Following the recent xenophobic attacks in South Africa where many people are reported to have been killed while and hundreds forced to flee their homes, there have been pleas from across Africa for the attacks to stop. In Botswana, local celebrities have added their voice to the anti-xenophobia movement.
Singer, songwriter and human rights activist, Lorraine Lionheart expressed; “The explosion in South Africa has been coming for a long time, it did not just happen. I believe xenophobia and other forms of prejudice, injustice and violation of human rights are there in Botswana too. However these barbaric issues only grow over time unless they are dealt with appropriately. Like many people I am saddened and embarrassed by the recent events and I hope and pray that it will awaken all Africans to realize that as much as we blame everything on circumstances and other people, the real enemy is within. What we need to tackle is the rampant self-hate which many are not even conscious about.” She further reiterated a belief that artists, and indeed, everybody else, has the responsibility to make a difference. “I believe anyone can make a difference if they choose to do so, but those privileged artistic skills to communicate in alternative ways such as through music or poetry, or are public figures, have influence. And I beg of them to use it to make a difference,” she said.
Poet Berry Heart, who is also a human rights activist shared a similar sentiment that she was disappointed at the turn out of events in South Africa. She insisted that it was about time that artists from different art forms came up with content that speaks against social ills. “Art is a vital form of advocacy because the voice of the artists is very powerful in disseminating information. The voice of an artist can be heard in all corners of the world. As the shakers and shapers of society, it’s important for us to write songs and poems against xenophobia and even visual artworks. We must post on our social media platforms to rally against such inhumanity,” she said, further pointing out that, “The attacks are unacceptable and barbaric. Our great grand parents taught us the spirit of Botho, what happened and who taught us to hate our brothers and beautiful sisters so much that we choose to burn them to ashes. What is heartbreaking is that these attacks are wrong especially that they were done in front of the pleading eyes of children. What are we teaching them?”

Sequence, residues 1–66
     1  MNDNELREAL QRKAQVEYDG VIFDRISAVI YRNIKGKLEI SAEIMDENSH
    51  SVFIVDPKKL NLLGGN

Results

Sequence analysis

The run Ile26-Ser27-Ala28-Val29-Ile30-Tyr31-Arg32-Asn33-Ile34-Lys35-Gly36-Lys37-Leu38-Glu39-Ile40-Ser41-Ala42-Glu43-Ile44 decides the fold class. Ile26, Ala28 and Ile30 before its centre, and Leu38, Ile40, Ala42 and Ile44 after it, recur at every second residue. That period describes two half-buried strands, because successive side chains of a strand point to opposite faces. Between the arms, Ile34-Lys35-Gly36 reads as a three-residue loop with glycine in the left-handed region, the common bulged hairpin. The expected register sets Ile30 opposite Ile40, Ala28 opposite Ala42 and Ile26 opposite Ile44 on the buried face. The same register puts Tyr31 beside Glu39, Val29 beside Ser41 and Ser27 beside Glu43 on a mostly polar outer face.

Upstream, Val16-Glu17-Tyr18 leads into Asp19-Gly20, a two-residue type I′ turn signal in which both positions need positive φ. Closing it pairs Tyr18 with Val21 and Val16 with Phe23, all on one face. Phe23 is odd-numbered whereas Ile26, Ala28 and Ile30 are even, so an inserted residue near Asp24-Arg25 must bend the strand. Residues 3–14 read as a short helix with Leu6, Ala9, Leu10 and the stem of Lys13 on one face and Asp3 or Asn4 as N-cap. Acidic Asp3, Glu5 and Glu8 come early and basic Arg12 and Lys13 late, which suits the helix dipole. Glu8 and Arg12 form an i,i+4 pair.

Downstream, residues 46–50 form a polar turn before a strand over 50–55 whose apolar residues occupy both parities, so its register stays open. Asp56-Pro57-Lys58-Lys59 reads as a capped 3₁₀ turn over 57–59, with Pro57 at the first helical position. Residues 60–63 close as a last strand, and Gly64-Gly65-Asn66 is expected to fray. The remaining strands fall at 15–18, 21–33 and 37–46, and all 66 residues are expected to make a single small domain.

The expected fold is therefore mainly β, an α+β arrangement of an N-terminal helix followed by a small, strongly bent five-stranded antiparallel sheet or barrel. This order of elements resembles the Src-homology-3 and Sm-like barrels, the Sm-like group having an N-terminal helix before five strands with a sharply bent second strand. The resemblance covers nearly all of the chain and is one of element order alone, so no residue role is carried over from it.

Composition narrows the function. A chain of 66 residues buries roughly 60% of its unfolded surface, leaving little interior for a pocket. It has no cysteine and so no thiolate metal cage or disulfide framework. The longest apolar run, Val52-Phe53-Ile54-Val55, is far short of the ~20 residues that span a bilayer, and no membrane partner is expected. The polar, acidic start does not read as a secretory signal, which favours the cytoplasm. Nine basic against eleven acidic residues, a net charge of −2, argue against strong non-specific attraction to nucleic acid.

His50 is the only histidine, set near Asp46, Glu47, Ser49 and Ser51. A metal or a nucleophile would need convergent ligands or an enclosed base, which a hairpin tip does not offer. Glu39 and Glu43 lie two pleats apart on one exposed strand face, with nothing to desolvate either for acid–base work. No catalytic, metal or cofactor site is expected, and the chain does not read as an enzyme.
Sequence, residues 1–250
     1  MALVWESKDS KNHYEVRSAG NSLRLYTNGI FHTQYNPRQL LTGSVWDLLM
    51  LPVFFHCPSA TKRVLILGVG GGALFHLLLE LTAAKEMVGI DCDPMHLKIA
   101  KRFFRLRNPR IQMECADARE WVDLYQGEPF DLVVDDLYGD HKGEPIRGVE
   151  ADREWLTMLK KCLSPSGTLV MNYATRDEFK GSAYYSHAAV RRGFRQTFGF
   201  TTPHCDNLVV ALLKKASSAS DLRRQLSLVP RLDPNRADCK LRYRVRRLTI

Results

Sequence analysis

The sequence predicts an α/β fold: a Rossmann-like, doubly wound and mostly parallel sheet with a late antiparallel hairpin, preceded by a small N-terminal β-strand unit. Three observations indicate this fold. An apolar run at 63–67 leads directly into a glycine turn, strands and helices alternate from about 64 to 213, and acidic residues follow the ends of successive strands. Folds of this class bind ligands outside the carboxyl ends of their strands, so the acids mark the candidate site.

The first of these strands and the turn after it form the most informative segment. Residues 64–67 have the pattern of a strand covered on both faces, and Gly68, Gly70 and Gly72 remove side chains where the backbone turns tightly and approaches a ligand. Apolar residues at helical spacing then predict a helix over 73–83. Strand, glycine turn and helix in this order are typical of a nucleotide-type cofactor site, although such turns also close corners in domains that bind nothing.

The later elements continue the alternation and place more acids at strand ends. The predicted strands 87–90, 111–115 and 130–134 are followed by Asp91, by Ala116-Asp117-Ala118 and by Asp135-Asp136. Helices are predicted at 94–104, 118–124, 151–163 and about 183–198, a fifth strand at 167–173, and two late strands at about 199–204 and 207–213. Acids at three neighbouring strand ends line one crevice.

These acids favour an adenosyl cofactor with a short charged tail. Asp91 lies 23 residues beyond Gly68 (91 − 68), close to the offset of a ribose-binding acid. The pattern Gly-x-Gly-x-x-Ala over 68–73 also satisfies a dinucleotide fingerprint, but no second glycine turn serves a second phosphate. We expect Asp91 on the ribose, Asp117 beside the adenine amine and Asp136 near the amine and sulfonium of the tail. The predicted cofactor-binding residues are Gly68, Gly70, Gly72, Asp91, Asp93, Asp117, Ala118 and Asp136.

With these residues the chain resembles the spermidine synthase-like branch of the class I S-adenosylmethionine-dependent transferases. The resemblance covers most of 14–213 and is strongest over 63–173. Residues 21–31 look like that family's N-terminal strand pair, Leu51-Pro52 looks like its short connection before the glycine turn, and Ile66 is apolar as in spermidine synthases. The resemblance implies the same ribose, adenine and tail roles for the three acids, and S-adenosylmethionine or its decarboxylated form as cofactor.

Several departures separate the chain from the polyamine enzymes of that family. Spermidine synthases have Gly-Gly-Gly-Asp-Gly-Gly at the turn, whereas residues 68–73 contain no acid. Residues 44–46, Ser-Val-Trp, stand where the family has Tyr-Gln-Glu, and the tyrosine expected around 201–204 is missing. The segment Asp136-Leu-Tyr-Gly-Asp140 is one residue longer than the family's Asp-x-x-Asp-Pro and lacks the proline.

Local hip hop artist, Zeus who was recently interviewed on BBC about his latest album, African Time, expressed that he was now looking at making songs that tackle social ills in Africa. In the BBC interview he said; “It is important for people who are making content today to come up with content that is progressive especially musicians.” His songs from the African Time album such as Passport Stamps and Ma Africa are some of those he said he was using to raise critical issues about Africa.